2.2.5. Task Schedule

The entire bin-managing process needs to be completed in different environments through performing various actions in the correct order. Therefore, the task schedule module is used to determine the sequence of actions and specify the sensors and control strategy used in a task based on its environment. The tasks that need to be completed in the bin-managing process mainly include headland turning, straight-line tracking between tree rows, and “go-over-the-bin,” which are specified below. While Zhang [28] described the detailed algorithm development and validation results for task scheduling, a brief explanation on how this system works is provided as follows:
Headland turning: Headland turning is primarily performed to transition the bin-dog from the headland into the alleyways. Both the GPS and laser scanner-based navigation systems are used in this task. The GPS-based navigation is used to localize the bin-dog and track a predefined path that leads to the entrance of a targeted alleyway. Once the bin-dog reaches the marked location for the entrance and its heading angle has been adjusted towards the alleyway, the laser-based navigation is then used to guide it to enter the alleyway and stay on the alleyway centerline.
Straight-line tracking between tree rows: The task of straight-line tracking allows the bin-dog to navigate between tree rows without collision with tree rows. Therefore, in this task, the bin-dog needs to stay on the alleyway centerline and maintain a small pose error. The pose errors of the bin-dog in this task include lateral error (Δy) and the orientation error (Δψ) (Figure 11). They are used to calculate the steering angle for the low-level control system.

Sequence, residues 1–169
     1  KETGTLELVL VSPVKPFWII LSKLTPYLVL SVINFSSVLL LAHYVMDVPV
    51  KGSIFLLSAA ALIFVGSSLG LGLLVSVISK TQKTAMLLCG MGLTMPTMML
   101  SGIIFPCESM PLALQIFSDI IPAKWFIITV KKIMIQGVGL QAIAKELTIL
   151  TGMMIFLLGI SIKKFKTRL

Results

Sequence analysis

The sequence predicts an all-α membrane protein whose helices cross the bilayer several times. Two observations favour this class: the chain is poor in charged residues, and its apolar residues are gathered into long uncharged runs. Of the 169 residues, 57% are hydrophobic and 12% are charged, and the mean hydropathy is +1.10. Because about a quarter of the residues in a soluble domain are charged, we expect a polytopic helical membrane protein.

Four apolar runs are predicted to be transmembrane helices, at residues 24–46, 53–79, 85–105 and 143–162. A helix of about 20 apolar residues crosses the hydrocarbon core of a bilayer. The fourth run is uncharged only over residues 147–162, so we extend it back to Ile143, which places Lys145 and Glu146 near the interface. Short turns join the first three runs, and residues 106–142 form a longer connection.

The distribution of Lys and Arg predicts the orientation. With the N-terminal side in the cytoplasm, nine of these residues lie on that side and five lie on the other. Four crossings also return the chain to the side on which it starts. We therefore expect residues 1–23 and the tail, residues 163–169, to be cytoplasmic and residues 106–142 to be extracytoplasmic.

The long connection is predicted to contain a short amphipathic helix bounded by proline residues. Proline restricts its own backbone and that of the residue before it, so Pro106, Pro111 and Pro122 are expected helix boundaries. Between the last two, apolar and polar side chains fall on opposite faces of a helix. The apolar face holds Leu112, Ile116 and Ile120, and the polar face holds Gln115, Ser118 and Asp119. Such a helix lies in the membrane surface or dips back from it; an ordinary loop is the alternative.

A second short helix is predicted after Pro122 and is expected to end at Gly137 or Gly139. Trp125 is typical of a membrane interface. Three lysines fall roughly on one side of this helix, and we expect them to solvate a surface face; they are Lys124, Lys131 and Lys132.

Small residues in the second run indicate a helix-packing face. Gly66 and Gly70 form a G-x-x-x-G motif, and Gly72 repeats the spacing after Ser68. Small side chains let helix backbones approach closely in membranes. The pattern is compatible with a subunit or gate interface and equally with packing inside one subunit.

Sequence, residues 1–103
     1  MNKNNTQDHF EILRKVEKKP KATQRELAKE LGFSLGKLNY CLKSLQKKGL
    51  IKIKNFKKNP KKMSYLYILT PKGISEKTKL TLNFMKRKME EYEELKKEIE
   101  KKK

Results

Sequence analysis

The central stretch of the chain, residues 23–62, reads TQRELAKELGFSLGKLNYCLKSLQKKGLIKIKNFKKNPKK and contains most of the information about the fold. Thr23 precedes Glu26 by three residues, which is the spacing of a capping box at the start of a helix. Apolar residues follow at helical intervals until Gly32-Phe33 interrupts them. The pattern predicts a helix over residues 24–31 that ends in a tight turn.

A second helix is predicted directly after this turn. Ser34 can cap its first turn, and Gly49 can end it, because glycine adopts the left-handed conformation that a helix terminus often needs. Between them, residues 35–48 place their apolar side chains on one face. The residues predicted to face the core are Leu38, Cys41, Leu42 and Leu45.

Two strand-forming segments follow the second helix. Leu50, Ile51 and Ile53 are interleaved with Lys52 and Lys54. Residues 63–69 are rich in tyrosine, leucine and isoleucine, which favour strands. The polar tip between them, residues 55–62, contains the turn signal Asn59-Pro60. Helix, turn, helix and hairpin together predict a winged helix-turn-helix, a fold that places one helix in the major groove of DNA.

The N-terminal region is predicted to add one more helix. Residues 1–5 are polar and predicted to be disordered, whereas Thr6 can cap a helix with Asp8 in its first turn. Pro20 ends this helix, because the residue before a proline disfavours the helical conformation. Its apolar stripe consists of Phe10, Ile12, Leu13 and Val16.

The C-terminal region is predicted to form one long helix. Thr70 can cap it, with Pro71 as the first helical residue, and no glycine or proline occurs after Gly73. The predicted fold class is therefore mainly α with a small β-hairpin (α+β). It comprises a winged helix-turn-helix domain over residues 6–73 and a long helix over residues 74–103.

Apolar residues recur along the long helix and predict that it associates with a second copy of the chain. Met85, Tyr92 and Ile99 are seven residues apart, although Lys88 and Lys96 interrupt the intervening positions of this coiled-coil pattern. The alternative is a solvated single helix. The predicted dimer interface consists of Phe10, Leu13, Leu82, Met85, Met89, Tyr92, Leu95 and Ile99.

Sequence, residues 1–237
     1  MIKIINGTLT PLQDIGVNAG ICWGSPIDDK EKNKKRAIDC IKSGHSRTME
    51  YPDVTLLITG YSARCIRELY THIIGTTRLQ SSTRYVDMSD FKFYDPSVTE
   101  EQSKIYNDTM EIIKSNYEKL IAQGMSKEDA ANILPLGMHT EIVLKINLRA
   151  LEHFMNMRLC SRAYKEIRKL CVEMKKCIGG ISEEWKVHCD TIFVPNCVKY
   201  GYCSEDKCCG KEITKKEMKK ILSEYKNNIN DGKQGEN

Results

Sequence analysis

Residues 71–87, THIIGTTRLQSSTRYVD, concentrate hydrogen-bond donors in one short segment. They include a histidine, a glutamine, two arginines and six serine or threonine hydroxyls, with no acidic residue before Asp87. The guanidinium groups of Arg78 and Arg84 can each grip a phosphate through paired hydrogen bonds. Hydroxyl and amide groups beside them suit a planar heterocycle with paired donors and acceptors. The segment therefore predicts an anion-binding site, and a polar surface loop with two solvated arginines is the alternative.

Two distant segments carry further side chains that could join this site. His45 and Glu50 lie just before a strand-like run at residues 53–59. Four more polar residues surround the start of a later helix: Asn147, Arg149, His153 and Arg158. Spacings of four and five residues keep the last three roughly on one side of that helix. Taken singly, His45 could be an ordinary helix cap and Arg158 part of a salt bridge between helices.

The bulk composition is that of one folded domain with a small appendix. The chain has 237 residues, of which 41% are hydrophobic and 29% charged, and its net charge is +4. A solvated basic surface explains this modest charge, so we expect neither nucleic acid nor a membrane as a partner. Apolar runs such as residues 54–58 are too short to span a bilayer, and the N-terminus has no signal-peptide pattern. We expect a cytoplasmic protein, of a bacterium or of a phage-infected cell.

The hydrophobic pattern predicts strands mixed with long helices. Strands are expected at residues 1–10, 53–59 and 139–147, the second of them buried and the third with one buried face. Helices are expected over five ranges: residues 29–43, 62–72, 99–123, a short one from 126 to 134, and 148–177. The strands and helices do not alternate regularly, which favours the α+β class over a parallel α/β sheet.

Go-over-the-bin: “Go-over-the-bin” is the core action for the bin-managing process. As mentioned in the previous section, it allows the bin-dog to replace a full bin with an empty bin in one trip. This task breaks down into a six-step process. In this task, (1) the bin-dog first carries an empty bin and uses the alleyway centerline as the reference to approach the full bin in the alleyway. Once its distance to the full bin is smaller than a preset threshold (2.30 m in our test), it lifts up the empty bin to a height of 1.2 m and uses the full bin as the reference for navigation. (2) When the full bin just gets under the front laser scanner, even though the laser scanner loses the point clouds of the front side of the bin, it can still capture point clouds from the body of the bin for reference. (3) As the bin-dog drives further forward, it completely loses the point clouds of the full bin. However, in such a situation, the bin-dog has already aligned with the bin and is partially above it. Therefore, it is set to keep driving straight forward for 20 s and then unload the empty bin. (4) Afterwards, the bin-dog lifts up its fork to 1.2 m and uses its rear laser scanner to drive over the full bin. (5) It then stops and lowers the fork to the ground, drives forward again until the full bin hits the touch switch on the fork, which triggers the fork lifting action. (6) Once the full bin is lifted off the ground (0.1 m), the bin-dog uses its rear laser scanner to drive backward and leave the alleyway.